An income-related loans proposal for drought relief for farm businesses

Linda BOTTERILL, Bruce Chapman

Research output: Contribution to journalArticle

3 Citations (Scopus)

Abstract

In 2004 the Commonwealth government is undertaking a review of its drought policy. This follows expenditure in excess of $1 billion on drought relief during 2002 and 2003 and comes only a decade after similarly large expenditure on support for farmers during the drought of the 1990s. Drought support for farm businesses has been provided within the framework of the National Drought Policy (NDP) agreed by Commonwealth and state governments in 1992 and at present is in the form of interest rate subsidies. This article suggests an alternative form of drought relief for farm businesses based on the Higher Education Contribution Scheme, which is more equitable between farmers, less regressive in its impact on tax payers and less open to politicisation.
Original languageEnglish
Pages (from-to)10-19
Number of pages10
JournalAustralian Journal of Public Administration
Volume63
Issue number3
DOIs
Publication statusPublished - 2004
Externally publishedYes

Fingerprint

drought
loan
farm
income
expenditures
farmer
tax payer
politicization
interest rate
subsidy
present
education

Cite this

@article{144cbb74c2284a0f856383d897bfa629,
title = "An income-related loans proposal for drought relief for farm businesses",
abstract = "In 2004 the Commonwealth government is undertaking a review of its drought policy. This follows expenditure in excess of $1 billion on drought relief during 2002 and 2003 and comes only a decade after similarly large expenditure on support for farmers during the drought of the 1990s. Drought support for farm businesses has been provided within the framework of the National Drought Policy (NDP) agreed by Commonwealth and state governments in 1992 and at present is in the form of interest rate subsidies. This article suggests an alternative form of drought relief for farm businesses based on the Higher Education Contribution Scheme, which is more equitable between farmers, less regressive in its impact on tax payers and less open to politicisation.",
author = "Linda BOTTERILL and Bruce Chapman",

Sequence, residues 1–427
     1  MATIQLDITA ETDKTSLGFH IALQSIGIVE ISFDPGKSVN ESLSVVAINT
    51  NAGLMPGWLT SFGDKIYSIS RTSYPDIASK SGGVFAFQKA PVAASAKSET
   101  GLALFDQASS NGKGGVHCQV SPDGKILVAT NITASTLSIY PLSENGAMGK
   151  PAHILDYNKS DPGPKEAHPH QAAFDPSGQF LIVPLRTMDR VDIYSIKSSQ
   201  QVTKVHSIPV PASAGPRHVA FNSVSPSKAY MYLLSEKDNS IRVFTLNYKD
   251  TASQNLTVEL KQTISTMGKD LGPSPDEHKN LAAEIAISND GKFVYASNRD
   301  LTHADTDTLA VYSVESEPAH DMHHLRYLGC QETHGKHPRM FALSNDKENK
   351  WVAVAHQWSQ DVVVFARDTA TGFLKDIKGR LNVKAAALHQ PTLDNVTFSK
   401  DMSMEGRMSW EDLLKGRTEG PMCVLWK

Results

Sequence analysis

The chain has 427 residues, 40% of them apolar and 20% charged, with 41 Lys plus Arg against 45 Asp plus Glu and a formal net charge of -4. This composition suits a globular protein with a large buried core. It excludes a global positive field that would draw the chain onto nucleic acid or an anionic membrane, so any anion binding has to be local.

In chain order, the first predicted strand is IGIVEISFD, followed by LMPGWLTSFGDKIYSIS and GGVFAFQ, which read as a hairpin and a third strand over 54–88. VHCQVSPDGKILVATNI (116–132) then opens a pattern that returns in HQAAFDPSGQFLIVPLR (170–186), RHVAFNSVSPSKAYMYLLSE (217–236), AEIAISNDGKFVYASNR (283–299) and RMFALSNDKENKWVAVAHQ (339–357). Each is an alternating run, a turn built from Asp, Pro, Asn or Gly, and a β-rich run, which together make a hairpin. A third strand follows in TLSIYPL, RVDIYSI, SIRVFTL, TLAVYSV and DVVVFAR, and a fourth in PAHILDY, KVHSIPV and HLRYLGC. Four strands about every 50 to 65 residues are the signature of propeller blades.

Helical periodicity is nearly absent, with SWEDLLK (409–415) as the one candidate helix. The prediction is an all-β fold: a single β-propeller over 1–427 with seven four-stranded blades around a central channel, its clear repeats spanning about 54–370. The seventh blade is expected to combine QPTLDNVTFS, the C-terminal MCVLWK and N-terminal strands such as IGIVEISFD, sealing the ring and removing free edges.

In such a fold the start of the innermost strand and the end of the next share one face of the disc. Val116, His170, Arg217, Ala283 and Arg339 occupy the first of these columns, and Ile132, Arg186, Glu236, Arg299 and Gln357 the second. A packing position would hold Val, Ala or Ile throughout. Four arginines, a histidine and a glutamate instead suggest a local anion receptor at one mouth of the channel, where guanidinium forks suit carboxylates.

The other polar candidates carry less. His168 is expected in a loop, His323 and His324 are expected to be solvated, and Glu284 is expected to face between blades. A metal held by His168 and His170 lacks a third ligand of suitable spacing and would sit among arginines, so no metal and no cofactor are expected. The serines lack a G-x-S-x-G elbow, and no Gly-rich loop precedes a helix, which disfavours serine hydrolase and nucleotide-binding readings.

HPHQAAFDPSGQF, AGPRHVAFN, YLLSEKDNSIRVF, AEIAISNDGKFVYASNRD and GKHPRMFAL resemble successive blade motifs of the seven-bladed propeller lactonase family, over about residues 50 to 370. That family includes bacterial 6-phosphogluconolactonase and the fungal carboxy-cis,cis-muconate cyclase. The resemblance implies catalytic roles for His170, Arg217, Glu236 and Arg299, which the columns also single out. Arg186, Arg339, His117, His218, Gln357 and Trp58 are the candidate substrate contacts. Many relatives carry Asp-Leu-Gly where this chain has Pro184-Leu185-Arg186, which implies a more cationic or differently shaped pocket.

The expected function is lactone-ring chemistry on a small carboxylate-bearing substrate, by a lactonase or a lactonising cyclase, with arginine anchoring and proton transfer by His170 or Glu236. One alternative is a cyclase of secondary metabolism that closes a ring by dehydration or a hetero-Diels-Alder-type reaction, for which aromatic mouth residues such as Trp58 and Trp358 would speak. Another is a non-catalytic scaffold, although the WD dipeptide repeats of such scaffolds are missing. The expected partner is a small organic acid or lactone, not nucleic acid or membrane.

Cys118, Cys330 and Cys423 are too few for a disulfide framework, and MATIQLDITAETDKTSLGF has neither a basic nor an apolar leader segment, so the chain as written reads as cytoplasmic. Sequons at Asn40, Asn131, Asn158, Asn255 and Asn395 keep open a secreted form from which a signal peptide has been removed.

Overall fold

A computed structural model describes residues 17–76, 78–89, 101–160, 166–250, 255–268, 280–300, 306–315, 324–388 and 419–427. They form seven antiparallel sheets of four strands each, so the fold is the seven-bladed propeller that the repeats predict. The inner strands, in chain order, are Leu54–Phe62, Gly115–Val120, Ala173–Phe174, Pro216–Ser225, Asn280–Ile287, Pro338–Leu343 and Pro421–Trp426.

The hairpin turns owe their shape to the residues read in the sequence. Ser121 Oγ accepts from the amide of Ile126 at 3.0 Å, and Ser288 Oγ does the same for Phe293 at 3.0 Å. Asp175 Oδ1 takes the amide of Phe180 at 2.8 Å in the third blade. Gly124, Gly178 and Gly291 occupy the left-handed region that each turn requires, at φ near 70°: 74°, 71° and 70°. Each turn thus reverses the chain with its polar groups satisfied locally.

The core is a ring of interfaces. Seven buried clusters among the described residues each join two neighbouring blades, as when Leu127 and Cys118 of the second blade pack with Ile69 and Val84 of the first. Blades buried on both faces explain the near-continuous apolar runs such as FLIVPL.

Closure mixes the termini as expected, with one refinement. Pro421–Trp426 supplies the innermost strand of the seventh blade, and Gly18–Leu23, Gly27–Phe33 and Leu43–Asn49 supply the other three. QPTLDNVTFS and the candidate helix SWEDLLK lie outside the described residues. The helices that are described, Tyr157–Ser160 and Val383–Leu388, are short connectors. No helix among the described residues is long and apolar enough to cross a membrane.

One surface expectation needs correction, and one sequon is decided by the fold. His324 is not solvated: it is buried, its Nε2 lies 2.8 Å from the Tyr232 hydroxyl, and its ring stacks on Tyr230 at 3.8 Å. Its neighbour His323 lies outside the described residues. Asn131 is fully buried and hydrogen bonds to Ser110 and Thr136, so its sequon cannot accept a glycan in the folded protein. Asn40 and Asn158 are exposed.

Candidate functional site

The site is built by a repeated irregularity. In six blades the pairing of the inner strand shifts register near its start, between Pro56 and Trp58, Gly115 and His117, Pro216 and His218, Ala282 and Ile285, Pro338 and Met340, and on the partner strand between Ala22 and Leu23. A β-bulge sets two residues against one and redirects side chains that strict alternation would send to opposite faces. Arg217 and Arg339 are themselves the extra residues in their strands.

year = "2004",
doi = "10.1111/j.1467-8500.2004.00386.x",
language = "English",
volume = "63",
pages = "10--19",
journal = "Australian Journal of Public Administration",
issn = "0313-6647",
publisher = "Wiley-Blackwell",
number = "3",

}

An income-related loans proposal for drought relief for farm businesses. / BOTTERILL, Linda; Chapman, Bruce.

In: Australian Journal of Public Administration, Vol. 63, No. 3, 2004, p. 10-19.

Research output: Contribution to journalArticle

TY - JOUR

T1 - An income-related loans proposal for drought relief for farm businesses

AU - BOTTERILL, Linda

AU - Chapman, Bruce

PY - 2004

Y1 - 2004

N2 - In 2004 the Commonwealth government is undertaking a review of its drought policy. This follows expenditure in excess of $1 billion on drought relief during 2002 and 2003 and comes only a decade after similarly large expenditure on support for farmers during the drought of the 1990s. Drought support for farm businesses has been provided within the framework of the National Drought Policy (NDP) agreed by Commonwealth and state governments in 1992 and at present is in the form of interest rate subsidies. This article suggests an alternative form of drought relief for farm businesses based on the Higher Education Contribution Scheme, which is more equitable between farmers, less regressive in its impact on tax payers and less open to politicisation.

AB - In 2004 the Commonwealth government is undertaking a review of its drought policy. This follows expenditure in excess of $1 billion on drought relief during 2002 and 2003 and comes only a decade after similarly large expenditure on support for farmers during the drought of the 1990s. Drought support for farm businesses has been provided within the framework of the National Drought Policy (NDP) agreed by Commonwealth and state governments in 1992 and at present is in the form of interest rate subsidies. This article suggests an alternative form of drought relief for farm businesses based on the Higher Education Contribution Scheme, which is more equitable between farmers, less regressive in its impact on tax payers and less open to politicisation.

U2 - 10.1111/j.1467-8500.2004.00386.x

DO - 10.1111/j.1467-8500.2004.00386.x

M3 - Article

VL - 63

SP - 10

EP - 19

JO - Australian Journal of Public Administration

JF - Australian Journal of Public Administration

SN - 0313-6647

IS - 3

ER -